No two pitchers are the same and no two athletes are, either. For Vogt, his training sessions vary from those who have pitched professionally, to younger players just getting their start. While working with such a wide array of athletes can create challenges, Vogt has a simple message he wants to get across to each player he works with: baseball and the pursuit of success should be enjoyable.

“Working with professionals is fun,” said Vogt. “But it’s just as fun working with 8-10 year olds and seeing the joy they get from training and learning something new. Maybe they only play ball for three years, or maybe another 10 to 15; regardless, we want them to learn baseball and find it fun.”

Vogt with athletes

These days, Vogt doesn’t have to go far to find a couple of boys eager to play the game — they live right inside his house. Greg and his wife, Whitney, are proud parents of Parker (five) and Griffen (three), with another boy on the way.

For Vogt, it’s a balancing act to manage being a dad, while also maintaining a company that requires plenty of night and weekend work. Still, he’s learned to juggle it all through the years, and has also learned how to manage people and get the most out of his athletes and staff. For that, he credits a few role models he had at AU.

“Doc [Diana] Jones comes to mind,” said Vogt of one of his education professors. “It wasn’t what she said, but how she relayed it. She cared for you and wanted you to do things the right way. Everything started with a passion. She wanted us to show kids that first, we cared about them and their success. The second thing was finding that success, but it was more important to show kids you care.”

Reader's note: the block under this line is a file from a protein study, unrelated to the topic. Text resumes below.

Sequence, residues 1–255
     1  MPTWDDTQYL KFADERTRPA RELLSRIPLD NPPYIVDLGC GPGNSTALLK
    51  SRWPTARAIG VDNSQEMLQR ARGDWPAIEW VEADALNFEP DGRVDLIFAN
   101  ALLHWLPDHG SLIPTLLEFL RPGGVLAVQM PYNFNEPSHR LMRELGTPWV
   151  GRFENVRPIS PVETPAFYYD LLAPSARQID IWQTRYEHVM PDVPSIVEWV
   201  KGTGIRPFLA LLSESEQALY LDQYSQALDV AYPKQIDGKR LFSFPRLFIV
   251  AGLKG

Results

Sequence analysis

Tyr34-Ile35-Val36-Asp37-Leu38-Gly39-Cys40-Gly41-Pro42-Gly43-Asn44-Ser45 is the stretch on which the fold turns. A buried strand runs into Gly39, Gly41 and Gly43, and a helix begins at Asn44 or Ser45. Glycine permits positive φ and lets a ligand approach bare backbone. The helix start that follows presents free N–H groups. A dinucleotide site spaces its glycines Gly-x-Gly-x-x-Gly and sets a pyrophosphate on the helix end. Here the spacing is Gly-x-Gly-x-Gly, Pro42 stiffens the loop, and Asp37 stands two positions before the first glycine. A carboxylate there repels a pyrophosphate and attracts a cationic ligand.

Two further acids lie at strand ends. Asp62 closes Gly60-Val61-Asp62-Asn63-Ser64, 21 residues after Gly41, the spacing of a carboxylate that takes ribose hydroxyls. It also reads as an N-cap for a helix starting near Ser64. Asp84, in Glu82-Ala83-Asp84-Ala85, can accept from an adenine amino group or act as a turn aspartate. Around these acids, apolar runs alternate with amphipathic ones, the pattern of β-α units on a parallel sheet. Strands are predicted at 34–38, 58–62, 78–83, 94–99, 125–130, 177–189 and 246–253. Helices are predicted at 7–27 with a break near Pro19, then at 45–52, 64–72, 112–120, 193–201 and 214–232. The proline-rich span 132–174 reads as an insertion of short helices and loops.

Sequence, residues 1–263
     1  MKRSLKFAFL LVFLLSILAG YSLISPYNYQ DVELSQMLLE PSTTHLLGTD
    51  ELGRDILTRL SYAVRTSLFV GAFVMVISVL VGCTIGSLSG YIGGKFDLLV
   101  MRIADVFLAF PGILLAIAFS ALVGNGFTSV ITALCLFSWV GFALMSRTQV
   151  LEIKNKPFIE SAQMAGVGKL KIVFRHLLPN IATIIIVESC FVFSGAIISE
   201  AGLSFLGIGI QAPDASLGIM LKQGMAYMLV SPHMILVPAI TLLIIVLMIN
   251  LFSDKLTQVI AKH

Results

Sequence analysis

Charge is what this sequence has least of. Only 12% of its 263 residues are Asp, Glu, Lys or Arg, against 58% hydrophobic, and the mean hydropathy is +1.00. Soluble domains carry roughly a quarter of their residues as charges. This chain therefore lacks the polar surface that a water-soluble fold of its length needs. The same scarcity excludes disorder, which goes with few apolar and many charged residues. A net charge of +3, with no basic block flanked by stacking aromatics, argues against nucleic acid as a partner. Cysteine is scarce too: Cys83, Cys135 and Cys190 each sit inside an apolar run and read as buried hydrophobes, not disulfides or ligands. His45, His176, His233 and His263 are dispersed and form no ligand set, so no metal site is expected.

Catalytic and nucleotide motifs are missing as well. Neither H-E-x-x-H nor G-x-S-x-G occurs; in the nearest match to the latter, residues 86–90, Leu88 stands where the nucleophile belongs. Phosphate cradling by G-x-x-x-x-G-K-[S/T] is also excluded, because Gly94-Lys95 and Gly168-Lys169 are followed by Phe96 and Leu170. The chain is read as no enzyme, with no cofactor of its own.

On the diamond, Vogt played for legendary baseball coach Don Brandon. AU’s baseball field is now named after the former skipper, whose 1,100 career wins ranked second on the active list and were fifth on the NCAA Div. III career coaching wins list at the time of his retirement in 2010.

“Coach Brandon was one of the best managers of people I have ever been around,” said Vogt. “Now, with managing a full staff, that has become very impactful for me. Brandon was such a people-person, and I try to emulate that in what I do.”

With PRP entering its fourth year, Vogt is thinking about the future and how the company can continue to grow and help athletes. Perhaps it will be more facilities, more programs, or more off-site training, but one thing will remain constant for Vogt: he wants players to enjoy the game, both young and old.

Anderson University is on a mission to educate students for lives of faith and service, offering more than 60 undergraduate majors, 30 three-year degrees, 20 NCAA Division III intercollegiate sports, alongside adult and graduate programs. The private, liberal arts institution is fully accredited and recognized among top colleges for its business, computer science, cybersecurity, dance, engineering, nursing, and teacher education programs. Anderson University was established in 1917 in Anderson, Indiana, by the Church of God.